Accelerating Sweet Success: Sweetener Innovations for Sugar Reduction

Wade Schmelzer, principal food scientist; and Alan Skradis, technical services manager, Cargill Inc., presented their Prepared Foods’ R&D Seminar on sweetener innovations to aid the industry in producing products that have sugar reduction.

Their presentation, titled “Accelerating Sweet Success: Sweetener Innovations for Sugar Reduction,” began by highlighting the factors a brand manager needs to know before taking steps to try to reduce the sugar in their products. These factors included media attention, the consumers’ opinions/fears, the WHO dietary guidelines, nutrition facts, sugar taxes and industry responsibility.

The presentation dove deep into the ways consumers are attempting to avoid sugar in their diets. Efforts include drinking water instead of caloric beverages; eliminating certain foods and drinks from their diet; removing table sugar from food and drinks; utilizing nutrition fact labels to find products with less sugar; and using low-calorie sweeteners to substitute sugar. Additionally, the seminar covered what they termed “the most eluded ingredients,” with sweeteners being three (sugar, corn syrup and artificial sweeteners) of the top four avoided foods.

In addition to covering consumer opinions and trends, Schmelzer and Skradis also included the FDA’s New Label information, which puts more focus on sugar and calories. Attention will be added by showing calories in a larger size, and added sugars will be outlined separately. Daily value will be listed at left to be more prominent, and serving sizes will be more accurate—to imitate how much people normally eat/drink at one time. This means a sugar and calorie increase on the label. Lastly, the Nutrition Facts panel will now depict the content of the entire package, if the product is intended to be consumed completely.

The problems and challenges were outlined in detail, before Schmelzer and Skradis offered Cargill’s solution that solves a variety of these issues. The pair takes the audience through how the stevia leaf extract is purified. First, the leaf is simply harvested and dried out. The dried leaves are then steeped in water, so sweet glycosides can be extracted from the leaves. Food-grade alcohols also are used to separate the sweet glycosides from the leaf components. Cargill’s stevia-based sweeteners include ViaTech® TS300+ and Truvia® RA95. The company also uses fermentation to produce EverSweet, a sweetener made with Reb M and D steviol glycosides.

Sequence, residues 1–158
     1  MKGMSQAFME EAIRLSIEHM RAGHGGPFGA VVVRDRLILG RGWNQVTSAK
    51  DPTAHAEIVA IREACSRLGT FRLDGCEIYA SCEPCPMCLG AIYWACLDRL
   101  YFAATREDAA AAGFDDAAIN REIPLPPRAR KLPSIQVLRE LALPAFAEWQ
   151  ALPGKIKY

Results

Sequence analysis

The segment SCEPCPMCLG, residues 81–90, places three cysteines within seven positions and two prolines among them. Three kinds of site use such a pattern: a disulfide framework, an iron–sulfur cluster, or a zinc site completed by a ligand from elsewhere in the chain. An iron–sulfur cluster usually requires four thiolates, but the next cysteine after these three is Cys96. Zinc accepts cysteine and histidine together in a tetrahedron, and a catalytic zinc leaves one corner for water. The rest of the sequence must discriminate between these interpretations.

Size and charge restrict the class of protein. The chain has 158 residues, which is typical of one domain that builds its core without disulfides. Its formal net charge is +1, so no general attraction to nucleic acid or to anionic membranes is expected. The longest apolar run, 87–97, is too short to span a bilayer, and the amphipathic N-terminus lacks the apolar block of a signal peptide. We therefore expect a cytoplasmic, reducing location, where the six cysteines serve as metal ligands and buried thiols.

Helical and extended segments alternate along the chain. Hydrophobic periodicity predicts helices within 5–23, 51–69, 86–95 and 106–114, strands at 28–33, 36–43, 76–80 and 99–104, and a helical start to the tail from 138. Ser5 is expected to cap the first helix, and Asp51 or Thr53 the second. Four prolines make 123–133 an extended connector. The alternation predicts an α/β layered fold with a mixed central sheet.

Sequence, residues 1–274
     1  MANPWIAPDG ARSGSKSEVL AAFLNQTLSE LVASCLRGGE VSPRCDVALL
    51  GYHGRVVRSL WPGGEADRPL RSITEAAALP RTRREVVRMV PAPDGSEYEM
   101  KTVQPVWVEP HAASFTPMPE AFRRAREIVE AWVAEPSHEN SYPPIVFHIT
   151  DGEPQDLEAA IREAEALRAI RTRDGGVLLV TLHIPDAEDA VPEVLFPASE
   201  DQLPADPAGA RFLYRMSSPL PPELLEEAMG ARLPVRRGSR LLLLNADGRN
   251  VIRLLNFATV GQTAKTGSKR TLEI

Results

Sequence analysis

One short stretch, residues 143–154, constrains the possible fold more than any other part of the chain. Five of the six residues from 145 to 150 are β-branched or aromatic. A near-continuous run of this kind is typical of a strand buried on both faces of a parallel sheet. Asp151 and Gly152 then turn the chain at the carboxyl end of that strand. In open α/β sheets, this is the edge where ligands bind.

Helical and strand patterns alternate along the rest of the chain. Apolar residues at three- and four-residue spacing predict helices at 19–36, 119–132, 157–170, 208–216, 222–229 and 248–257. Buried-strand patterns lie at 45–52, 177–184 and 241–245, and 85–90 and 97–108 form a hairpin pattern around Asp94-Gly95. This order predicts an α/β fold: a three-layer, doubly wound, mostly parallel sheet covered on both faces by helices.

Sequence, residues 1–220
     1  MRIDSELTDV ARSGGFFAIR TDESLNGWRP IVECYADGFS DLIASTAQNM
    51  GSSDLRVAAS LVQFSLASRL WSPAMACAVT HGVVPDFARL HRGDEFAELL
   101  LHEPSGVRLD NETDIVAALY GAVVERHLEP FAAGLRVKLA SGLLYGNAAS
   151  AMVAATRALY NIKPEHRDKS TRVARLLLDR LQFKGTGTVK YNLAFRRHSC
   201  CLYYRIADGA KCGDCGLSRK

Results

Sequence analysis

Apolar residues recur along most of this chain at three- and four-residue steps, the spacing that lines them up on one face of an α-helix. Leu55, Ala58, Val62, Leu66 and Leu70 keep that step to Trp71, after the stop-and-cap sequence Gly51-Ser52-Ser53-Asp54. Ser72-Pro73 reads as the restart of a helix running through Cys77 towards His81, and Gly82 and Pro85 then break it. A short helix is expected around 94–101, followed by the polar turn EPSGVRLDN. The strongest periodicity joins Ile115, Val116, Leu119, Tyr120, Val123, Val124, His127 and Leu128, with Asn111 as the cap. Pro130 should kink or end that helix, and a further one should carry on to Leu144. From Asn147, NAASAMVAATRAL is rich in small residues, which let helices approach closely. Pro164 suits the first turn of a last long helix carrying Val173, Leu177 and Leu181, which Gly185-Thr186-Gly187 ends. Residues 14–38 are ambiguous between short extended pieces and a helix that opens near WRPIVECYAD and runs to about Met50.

Other solutions listed includes Zerose™ erythritol, which offers solutions for both health and indulgence.  The ingredient has the similar taste and functionality of sucrose, with the added benefit of having zero calories and the highest digestive tolerance, compared to other polyol sweeteners. Zerose is suitable for many food and beverage applications.

Finally, the presenters outlined a holistic approach to sugar reduction. Companies can do this by targeting customers’ use level, boosting sweetness, managing sweet-sour balance, optimizing taste and creating mouthfeel in the products they wish to improve. This is a good starting point to use as a guideline as a company first starts visualizing the challenge of reducing sugar in their products.

“Accelerating Sweet Success: Sweetener Innovations for Sugar Reduction,” Wade Schmelzer Schmelzer, principal food scientist; and Alan Skradis, technical services manager; Cargill Inc.,,

— Summary by Jessica Glass, Contributing Editor

Third-Generation Stevia Extracts

Second-generation stevia extracts were all about high-purity Reb A. Third-generation stevia extracts are based on better tasting steviol glycosides with the highest commercial value, Reb A, B, C, D and M. Short-term opportunity is to use the better tasting, third-generation stevia in sugar-free products and to formulate with the less expensive second-generation stevia in 50% reduced-sugar products. Longer term opportunities include stevia without farm, i.e., made by fermentation or enzymology, which will soon co-exist with farm-based stevia. Stevia in native and modified forms also have been approved for use as natural flavors.

Alex Woo, Ph.D., chief innovation officer for Nascent, explained, “Flavor is being redefined as a combination of not only taste, but also smell, sight, sound and touch.” Thanks to the rapid advances in neuroscience in the past 15 years, receptors for all five primary tastes have been identified. Contemporary taste and smell neuroscience is the foundation for sweetener and sweetness-modulator ingredient technologies. In his seminar presentation titled “Third-Generation Stevia Extracts,” Woo gave detailed information on such sweetener technologies.